Zeus, King of the Gods, decided that it was time to stop this rash youth from causing destruction. He hurled a thunderbolt at Phaethon, killing the boy instantly and sending his smoldering body tumbling down to Earth. The horses returned to their stable and Phaethon's body fell into the Eridanus River and sank to the bottom.
Phaethon had a very devoted friend, Cycnus, the Musician-king of the Ligurians. On hearing of Phaeton's fate, Cycnus plunged into the Eridanus and swam back and forth trying to find the body of his friend. His motions through the water made him look like a swan searching for food. Apollo took pity on Cycnus, who died of grief, and raised him into the heavens, where he became the constellation Cygnus, or The Swan.
The planet Neptune was discovered in Aquarius in 1846.
Aquarius is an old constellation, and a common figure in ancient times. Aquarius, as the God of the Waters, must have been regarded as a benevolent god by some cultures, and a ruthless god by others. His role seemed to depend on the prevailing climate of a given region. To the Egyptians, Greeks, and others who lived in lands plagued by drought, Aquarius was looked on as a kindly god who brought rain when it was most needed during the planting season. The Babylonians, however, looked on Aquarius as a dangerous god and referred to the month when the Sun was in Aquarius as "the curse of rain."
According to one myth, Aquarius caused a great flood to wash over the entire Earth. Deucalion's father advised his son and wife to build a great boat and stock it with provisions. They did and the two floated in the world-sea for nine days and nine nights. Eventually the boat ran aground on Mount Parnassus. Safe but lonely, the two sole survivors of Earth walked about as the waters became lower and exposed more and more land. What were the two to do? They appealed to an oracle and were told to "… throw over your shoulders the bones of your mother." Deucalion guessed that the bones of Mother Earth must be stones. As the two walked along they picked up stones and tossed them over their shoulders. After a time they looked behind them and found that there were people. The stones that Deucalion had thrown had become men and those thrown by Pyrrha had become women. Aquarius became known as the taker of life and the giver of life.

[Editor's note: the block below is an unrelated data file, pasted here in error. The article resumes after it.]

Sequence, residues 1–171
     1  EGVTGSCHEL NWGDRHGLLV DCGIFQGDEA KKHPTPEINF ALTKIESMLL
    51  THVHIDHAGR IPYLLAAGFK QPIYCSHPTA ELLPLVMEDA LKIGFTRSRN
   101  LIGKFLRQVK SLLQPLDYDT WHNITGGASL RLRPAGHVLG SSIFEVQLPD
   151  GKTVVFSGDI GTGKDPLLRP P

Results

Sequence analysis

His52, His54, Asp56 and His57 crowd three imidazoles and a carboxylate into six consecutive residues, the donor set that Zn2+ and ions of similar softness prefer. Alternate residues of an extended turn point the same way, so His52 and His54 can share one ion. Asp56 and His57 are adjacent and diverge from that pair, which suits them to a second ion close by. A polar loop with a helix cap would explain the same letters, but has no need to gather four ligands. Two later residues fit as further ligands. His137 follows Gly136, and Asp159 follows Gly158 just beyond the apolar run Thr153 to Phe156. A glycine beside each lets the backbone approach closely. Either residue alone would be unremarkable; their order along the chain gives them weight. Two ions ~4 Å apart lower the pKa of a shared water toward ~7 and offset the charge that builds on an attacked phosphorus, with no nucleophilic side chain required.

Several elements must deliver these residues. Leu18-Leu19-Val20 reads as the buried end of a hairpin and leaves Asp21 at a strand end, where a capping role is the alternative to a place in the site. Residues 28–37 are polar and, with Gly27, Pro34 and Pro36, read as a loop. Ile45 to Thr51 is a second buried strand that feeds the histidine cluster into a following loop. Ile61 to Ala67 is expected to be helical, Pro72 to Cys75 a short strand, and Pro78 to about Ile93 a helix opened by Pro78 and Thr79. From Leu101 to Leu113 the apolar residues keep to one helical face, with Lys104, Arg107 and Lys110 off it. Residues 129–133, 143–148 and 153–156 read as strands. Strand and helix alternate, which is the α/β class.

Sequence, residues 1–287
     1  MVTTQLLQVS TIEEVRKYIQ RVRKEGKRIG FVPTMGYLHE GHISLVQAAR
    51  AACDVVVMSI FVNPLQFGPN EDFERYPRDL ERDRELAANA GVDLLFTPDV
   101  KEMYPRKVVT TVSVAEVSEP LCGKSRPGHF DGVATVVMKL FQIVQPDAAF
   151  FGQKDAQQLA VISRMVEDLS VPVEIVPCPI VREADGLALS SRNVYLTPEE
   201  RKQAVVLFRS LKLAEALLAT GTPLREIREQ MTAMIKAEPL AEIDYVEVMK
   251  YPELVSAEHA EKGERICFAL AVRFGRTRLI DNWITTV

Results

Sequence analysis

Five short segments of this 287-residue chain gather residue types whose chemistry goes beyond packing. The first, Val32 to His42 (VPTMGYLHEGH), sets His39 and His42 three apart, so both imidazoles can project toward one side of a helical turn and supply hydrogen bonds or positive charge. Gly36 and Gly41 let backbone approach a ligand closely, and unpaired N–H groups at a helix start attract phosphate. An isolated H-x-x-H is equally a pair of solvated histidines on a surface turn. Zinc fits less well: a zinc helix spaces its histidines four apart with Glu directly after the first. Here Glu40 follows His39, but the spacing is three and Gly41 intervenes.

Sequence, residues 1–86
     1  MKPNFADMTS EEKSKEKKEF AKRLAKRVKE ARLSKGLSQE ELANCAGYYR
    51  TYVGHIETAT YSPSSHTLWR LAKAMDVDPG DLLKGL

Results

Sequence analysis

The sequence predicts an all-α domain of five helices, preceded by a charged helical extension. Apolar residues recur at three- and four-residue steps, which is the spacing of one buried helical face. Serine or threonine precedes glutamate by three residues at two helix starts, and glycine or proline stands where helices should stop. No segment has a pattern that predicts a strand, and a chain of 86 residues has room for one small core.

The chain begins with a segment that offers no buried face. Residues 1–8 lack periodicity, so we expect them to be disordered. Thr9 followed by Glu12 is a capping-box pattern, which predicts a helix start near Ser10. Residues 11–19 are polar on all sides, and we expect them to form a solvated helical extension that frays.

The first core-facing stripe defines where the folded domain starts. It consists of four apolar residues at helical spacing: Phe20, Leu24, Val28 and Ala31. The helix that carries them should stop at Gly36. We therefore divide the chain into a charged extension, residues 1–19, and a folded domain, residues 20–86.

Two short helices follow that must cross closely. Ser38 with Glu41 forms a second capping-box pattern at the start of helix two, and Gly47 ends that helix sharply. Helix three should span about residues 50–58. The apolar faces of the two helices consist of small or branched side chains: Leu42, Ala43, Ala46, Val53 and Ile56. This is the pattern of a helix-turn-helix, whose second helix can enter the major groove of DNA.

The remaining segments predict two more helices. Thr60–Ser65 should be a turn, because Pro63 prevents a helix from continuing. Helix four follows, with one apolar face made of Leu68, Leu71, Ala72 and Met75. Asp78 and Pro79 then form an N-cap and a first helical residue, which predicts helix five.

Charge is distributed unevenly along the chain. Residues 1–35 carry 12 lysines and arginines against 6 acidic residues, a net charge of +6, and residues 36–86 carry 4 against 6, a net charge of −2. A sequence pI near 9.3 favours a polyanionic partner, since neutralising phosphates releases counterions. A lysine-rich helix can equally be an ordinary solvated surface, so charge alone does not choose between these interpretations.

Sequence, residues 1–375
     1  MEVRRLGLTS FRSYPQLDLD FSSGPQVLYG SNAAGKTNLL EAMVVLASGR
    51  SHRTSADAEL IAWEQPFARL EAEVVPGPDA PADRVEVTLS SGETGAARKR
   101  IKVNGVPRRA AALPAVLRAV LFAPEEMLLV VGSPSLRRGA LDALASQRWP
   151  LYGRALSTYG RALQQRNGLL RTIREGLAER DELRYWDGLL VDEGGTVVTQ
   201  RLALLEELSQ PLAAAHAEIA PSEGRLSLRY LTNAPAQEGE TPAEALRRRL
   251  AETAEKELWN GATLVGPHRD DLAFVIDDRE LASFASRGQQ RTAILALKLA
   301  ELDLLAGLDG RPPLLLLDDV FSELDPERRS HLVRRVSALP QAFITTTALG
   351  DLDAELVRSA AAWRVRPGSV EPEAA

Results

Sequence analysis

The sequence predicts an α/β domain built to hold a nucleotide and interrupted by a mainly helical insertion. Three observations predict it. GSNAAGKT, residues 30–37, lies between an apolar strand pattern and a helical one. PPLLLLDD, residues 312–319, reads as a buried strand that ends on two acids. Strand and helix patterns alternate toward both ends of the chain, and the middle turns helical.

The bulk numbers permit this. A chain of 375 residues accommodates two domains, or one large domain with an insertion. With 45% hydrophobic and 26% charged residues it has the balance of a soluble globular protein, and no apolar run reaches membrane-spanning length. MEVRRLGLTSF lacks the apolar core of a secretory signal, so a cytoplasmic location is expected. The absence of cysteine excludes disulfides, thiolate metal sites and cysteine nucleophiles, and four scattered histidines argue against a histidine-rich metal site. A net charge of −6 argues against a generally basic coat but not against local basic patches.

This myth of a world flood and of rebirth on Earth is a common one and can by found in many ancient cultures.
In modern times this constellation was immortalized by the counterculture of the 1960's, which proclaimed the Age of Aquarius. This was a bit premature as the Aquarian age will not actually begin for another 600 years. Astrological age is identified by the constellation in which the Sun in found on the vernal equinox (March 21). This location moves slowly from one zodiac constellation to the next as a results of Earth's movement in space.
The Bear Watcher or the Herdsman
The name "Bootes" is at least 3000 years old, but in those ancient times the name most likely applied to the star Arcturus rather than to the entire group of stars we see today.
The Egyptians believed that north circumpolar stars that never set over the horizon, were evil. And one of the most evil of these northern constellations was the Great Bear. Boötes, they believed, was placed in the sky to guard the Great Bear and see that she did no harm. The Egyptians pictured Boötes as a constellation they called the Hippopotamus.
The Greeks at one time also knew Boötes as the Bear Watcher, or Bear Guard because he seems to chase Ursa Major and Ursa Minor, the Great and Small Bears, across the sky. Greek mythology has many stories about the origin of Boötes. According to one legend, Boötes is Arcas, the hunter-son of Callisto, the Great Bear. In another myth, Boötes was the son of Demeter, the goddess of agriculture. Boötes is credited with inventing the plow and was placed in the heavens his invention.